FUTURE COST OF CARE
 The plaintiff seeks an award for the future cost of acupuncture and consultation with a physiotherapist or kinesiologist in the amount of $1,500.00 to $2,500.00.
 Dr. Hirsch stated in his report of May 1, 2008 that “it might be helpful for Mr. Noh to see a physiotherapist or kinesiologist”. I do not consider such a comment to be sufficient to establish a need for Mr. Noh to do so. The fact that Mr. Noh has chosen to see neither a physiotherapist nor a kinesiologist in the five months since Dr. Hirsch made that suggestion persuades me that Mr. Noh does not consider that it is necessary that he do so either.
 As for the acupuncture, there is no evidence to establish an ongoing need for such treatments.
 I dismiss the claim for future care costs.
 Mr. Noh has been reimbursed for special damages in the amount of $1,964.80.
 In addition, he seeks further special damages as follows:
Sorim Acupuncture & Healing Art Ltd. (“Sorim”) for 72 visits
Daniel Acupuncture & Herbal Clinic (Daniel)
$ 385.20 for acupuncture
$ 535.00 for herbs
Cost of parking and swimming at U.B.C.
Metrotown Orthopedic & Sports Physiotherapy Clinic
 Despite the total for these special damages, the parties agreed that the total unpaid special damages were $4,956.15.
 The defendants did not challenge the payments for swimming, but they did challenge the costs paid to Daniel for herbs and all of the Sorim charges. While I accept that Mr. Noh believed that these herbs would benefit him, I find no evidence to warrant the cost of the herbs purchased by the plaintiff as special damages, and I dismiss that claim.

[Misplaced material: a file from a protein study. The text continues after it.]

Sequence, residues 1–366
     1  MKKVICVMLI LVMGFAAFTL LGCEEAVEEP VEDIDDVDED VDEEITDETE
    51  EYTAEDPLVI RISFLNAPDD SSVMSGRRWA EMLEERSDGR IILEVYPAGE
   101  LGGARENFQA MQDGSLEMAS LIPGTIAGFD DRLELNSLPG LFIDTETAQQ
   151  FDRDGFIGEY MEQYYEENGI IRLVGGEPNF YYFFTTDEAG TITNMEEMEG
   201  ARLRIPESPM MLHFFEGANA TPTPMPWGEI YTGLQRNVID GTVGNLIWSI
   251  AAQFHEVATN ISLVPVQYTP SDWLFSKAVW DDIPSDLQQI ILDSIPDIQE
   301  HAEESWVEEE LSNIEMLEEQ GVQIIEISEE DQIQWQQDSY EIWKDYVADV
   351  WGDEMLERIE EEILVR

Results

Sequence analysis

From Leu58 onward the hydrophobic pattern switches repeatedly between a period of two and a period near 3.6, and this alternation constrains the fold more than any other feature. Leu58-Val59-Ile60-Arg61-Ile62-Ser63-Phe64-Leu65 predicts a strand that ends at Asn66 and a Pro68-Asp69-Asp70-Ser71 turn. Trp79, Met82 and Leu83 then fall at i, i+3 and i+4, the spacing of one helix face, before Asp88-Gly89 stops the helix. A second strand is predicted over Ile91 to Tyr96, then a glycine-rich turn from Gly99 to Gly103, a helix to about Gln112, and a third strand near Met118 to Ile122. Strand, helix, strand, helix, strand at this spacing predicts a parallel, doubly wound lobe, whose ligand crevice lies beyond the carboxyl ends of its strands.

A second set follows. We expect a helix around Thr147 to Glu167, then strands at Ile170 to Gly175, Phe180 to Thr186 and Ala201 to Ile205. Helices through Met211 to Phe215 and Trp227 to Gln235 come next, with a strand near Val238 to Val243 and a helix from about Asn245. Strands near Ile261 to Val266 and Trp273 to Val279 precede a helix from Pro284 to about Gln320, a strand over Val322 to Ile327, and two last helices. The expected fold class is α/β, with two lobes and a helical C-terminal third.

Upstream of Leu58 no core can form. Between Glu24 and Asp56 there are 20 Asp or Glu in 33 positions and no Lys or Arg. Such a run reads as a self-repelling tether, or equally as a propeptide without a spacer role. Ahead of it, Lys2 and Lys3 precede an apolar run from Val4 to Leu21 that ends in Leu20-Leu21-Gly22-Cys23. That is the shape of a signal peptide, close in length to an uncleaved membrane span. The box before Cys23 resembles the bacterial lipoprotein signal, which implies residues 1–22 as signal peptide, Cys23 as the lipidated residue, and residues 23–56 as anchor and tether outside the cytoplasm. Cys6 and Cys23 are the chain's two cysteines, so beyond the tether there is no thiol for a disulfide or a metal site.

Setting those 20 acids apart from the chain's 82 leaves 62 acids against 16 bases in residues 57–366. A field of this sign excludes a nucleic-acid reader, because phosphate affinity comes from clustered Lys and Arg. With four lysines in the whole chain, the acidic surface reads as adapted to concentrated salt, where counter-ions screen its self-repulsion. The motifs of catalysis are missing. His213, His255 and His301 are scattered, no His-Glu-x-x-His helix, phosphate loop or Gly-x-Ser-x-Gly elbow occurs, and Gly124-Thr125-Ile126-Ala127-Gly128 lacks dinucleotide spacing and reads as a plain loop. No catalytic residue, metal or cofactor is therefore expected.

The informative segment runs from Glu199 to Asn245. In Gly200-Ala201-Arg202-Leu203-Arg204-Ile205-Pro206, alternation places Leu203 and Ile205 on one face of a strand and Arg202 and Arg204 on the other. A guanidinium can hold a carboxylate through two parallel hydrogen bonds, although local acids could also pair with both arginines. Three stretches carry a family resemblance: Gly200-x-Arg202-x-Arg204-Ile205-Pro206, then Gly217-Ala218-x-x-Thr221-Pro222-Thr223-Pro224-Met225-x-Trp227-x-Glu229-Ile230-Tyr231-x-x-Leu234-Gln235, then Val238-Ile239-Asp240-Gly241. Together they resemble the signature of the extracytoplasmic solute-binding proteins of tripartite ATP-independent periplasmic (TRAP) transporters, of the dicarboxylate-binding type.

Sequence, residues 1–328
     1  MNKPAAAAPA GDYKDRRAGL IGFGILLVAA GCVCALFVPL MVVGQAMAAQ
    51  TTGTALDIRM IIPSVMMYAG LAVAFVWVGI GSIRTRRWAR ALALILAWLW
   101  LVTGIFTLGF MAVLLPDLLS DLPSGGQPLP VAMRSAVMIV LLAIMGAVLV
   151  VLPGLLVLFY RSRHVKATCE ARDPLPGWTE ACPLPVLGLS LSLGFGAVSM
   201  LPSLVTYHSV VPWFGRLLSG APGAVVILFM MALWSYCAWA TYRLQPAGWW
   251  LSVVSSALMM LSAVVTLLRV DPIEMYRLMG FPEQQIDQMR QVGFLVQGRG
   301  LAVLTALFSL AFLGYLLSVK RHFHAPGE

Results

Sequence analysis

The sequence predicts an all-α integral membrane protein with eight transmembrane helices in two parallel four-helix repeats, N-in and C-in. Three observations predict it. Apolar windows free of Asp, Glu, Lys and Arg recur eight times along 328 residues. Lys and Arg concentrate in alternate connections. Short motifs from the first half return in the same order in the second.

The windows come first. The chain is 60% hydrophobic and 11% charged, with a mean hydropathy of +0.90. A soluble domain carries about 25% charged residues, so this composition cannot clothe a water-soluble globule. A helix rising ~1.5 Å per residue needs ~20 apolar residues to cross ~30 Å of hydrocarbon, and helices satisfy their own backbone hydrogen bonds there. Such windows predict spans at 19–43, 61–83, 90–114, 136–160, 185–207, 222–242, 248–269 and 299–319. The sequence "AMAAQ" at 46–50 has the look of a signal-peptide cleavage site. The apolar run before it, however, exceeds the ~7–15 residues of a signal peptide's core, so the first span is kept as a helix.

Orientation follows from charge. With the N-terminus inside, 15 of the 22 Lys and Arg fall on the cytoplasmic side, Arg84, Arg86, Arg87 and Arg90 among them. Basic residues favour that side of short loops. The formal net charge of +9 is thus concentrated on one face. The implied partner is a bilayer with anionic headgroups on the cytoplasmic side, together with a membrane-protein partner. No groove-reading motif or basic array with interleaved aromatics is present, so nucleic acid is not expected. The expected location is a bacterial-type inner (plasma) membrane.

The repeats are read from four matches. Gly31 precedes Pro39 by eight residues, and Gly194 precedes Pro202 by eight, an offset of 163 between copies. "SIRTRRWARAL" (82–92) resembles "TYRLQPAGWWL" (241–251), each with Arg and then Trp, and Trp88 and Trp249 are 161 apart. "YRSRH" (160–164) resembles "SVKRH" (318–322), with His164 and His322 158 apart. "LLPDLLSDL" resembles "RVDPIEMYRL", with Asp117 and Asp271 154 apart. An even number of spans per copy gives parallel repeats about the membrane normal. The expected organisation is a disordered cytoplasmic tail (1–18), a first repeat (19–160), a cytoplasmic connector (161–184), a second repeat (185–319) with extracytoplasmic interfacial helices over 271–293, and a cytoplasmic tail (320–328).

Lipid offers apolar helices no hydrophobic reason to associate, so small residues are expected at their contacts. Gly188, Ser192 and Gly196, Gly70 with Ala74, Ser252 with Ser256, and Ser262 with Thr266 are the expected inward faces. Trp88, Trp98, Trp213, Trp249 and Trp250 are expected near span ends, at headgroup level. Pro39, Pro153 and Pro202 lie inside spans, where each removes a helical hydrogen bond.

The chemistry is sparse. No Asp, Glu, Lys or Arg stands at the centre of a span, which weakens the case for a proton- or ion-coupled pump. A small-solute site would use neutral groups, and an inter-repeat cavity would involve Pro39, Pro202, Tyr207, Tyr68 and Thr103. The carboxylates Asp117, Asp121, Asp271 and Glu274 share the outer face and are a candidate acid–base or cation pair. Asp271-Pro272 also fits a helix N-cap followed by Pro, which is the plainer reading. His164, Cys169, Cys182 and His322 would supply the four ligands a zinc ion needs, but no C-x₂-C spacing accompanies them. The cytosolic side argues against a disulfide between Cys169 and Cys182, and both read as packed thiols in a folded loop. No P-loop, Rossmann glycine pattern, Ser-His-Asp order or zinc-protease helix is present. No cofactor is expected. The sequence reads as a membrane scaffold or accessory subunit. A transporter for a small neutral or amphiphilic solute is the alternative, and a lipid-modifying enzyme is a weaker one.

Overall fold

The acupuncture treatments from Sorim began after Mr. Noh experienced the difficulties with his right arm. Prior to those problems, he had attended Daniel for acupuncture in March and April 2004, and then stopped. Mr. Harlos suggested that only one-half of the Sorim acupuncture treatments should be awarded, arguing that at least the remainder were, as indicated by the Sorim records, related to Mr. Noh’s right arm problems. I consider that to be a generous approach to this claim, but I accept that some of the treatments were at least in part necessitated by the motor vehicle accident and adopt the approach to these costs suggested by Mr. Harlos. Having no explanation from counsel as to how they arrived at the figure of $4,956.15, I will simply deduct $535.00 paid for the herbs, inclusive of GST, and a further $1,635.00, representing one-half of the Sorim charges, and award $2,786.15 for special damages.
 I award damages to the plaintiff as follows:
a) non-pecuniary damages of $35,000.00;
b) past income loss of $8,250.00;
c) special damages of $2,786.15; and
d) court order interest on the past income loss and special damages awards.
For the sake of convenience, I will award interest pursuant to the Court Order Interest Act, R.S.B.C. 1996, c. 79, on the full amount of these awards commencing one-year after the accident, on March 27, 2005.